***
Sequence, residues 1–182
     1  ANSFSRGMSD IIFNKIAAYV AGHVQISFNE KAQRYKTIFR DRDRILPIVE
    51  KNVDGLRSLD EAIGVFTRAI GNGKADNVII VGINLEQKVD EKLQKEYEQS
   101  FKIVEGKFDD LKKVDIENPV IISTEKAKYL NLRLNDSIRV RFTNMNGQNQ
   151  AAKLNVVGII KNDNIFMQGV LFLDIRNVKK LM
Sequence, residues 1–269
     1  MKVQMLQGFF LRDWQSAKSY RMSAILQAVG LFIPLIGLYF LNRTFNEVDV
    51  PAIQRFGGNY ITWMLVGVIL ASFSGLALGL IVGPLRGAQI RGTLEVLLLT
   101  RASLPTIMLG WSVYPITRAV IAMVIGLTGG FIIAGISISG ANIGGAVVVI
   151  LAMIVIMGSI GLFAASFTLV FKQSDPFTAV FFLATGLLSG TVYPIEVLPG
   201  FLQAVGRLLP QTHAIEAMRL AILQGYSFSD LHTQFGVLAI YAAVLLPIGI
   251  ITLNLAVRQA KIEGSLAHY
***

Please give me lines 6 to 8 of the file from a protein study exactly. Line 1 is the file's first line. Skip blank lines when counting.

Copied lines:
Sequence, residues 1–269
     1  MKVQMLQGFF LRDWQSAKSY RMSAILQAVG LFIPLIGLYF LNRTFNEVDV
    51  PAIQRFGGNY ITWMLVGVIL ASFSGLALGL IVGPLRGAQI RGTLEVLLLT